the tiles often by Crane and Voysey. They were sold by Liberty
& Co in the early 19oos.
James Powell & Sons, Whitefriars, London
Glass makers who provided Liberty & Co with distinctive
green glass liners for their metalwork.
Royal Doulton, Staffordshire and London
Liberty sold a variety of Doulton lines, many decorated with
characteristic Art Nouveau designs such as stylized plant
Walter Scherf & Co, Nuremberg, Germany
Manufacturers of pewter produced under the trade name of
'Osiris' and sold by Libert & Co at the turn of the century.
Silver Studio, Hammersmith, London
General design studio established in 1880 by Arthur Silver
(1853-96). These studios provided Liberty & Co with textile
designs, pewter, silver and jewellery, and many designs for
Cymric ware. Later, Arthur's eldest son Reginald 'Rex' Silver
directed the practice, at first with his brother Harry and
then by himself. After Arthur Silver's early death, it was
continued by Harry Napper until Rex came of age. It continued
William Howson Taylor, West Smethwick, Birmingham
English Art potter who established the Ruskin Pottery in
1898, producing 'Buttons' which were often set into Liberty
mirror frames or into the lids of boxes. Colours, rich and
high-fired, ranged from dark blues and greens to turquoise,
apple green, purple and mauve.
Thomas Wardle, Leek, Staffordshire
Fabric printers to Liberty & Co in the 1880s, specializing
in oriental silks
Directory of Artists and Designers
M.H. Baillie-Scott (1865-1945)
English architect, furniture and textile designer, Baillie-Scott
also worked with metal and ceramics, producing designs for
Liberty & Co from 1893.
Oliver Baker (1856-1939)
A Birmingham painter and designer, and a frequent exhibitor
at the Royal Academy from 1883, Oliver Baker was a key figure
in the Liberty Cymric scheme for which he produced many designs.
He also designed pewter for the firm.
William Birch, a furniture maker of High Wycombe, provided
Liberty & Co with chairs and some cabinet furniture at
the turn of the century. In 1901 he was joined by E.G. Punnett.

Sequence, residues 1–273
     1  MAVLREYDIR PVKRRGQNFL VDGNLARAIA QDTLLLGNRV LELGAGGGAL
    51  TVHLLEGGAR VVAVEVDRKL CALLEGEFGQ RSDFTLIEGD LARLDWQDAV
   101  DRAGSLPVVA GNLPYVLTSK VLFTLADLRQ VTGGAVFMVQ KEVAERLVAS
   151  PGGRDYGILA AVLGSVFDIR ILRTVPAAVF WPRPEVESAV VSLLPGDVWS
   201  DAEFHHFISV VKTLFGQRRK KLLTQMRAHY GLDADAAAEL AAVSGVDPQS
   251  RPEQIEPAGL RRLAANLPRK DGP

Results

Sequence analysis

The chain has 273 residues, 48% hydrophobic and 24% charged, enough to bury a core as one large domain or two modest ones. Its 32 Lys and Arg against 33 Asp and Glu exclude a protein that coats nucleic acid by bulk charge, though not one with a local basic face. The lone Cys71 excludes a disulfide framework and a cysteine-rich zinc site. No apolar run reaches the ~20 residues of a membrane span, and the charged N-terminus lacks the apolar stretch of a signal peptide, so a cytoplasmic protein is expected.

Lindsay P Butterfield (1896 - 1948)
A fabric designer who worked for Liberty & Co in the
1890's. His work was based mainly on stylized floral motifs.
Walter Crane (1845 - 1915)
A designer and illustrator, Walter Crane was closely associated
with William Morris and the Arts and Crafts Movement. He designed
fabrics for Liberty & Co in the 1890's
H. C. Craythorn (1881 - 1949)
Craythorn was a silversmith and designer and a pupil of Arthur
Gaskin. His brilliant talents were recognised by W. H . Haseler
in 1898 when Craythorn was seventeen. He worked for Haseler's
for some forty years and produced most of the designs executed
by them for Liberty & Co. His most distinguished and now
celebrated work, designed by Archibald Knox and executed by
Craythorn, is the silver casket supplied by Liberty to the
Rockefeller family c 1900 and is now in the Museum of Modern
Art, New York.
Bernard Cuzner (1877 - 1956)
A silversmith and jeweller who designed many items for Liberty
& Co around 1900 - 5.
Dr Christopher Dresser (1834 - 1904)
Botanist, designer, metalworker and writer on art and the
principles of art and design, Dresser, born in Glasgow, was
a key figure in the history of modern design. IN contrast
to his early enthusiasm for the Japanese taste and the Aesthetic
Movement, he was a radical and revolutionary designer of glass
and metalwork who fully accepted the machine and the approach
to modern methods of mass production, and demonstrated a remarkable
ability to anticipate the Bauhaus manner as early as 1879.
He was a close friend of Arthur Lasenby Liberty who owned
shares in the Bond Street firm, the Art Furnishers Alliance,
of which Dresser became manager in 1880. In 1883 this firm
went into liquidation, and in 1889 Dresser moved to Barnes
in West London where he ran a studio with the help of some
ten assistants. Among them were Archibald Knox and almost
certainly Rex Silver of the Silver Studio. His son Louis joined
the furniture department of Liberty & Co in 1896. Dresser's
main practical association with Liberty was through the design
of Clutha glass.
Eleanor Fortescue-Brickdale (1871 - 1945)
A designer and enamel painter for Liberty & Co who specialized
in figurative painting, such as friezes for bowls, depicting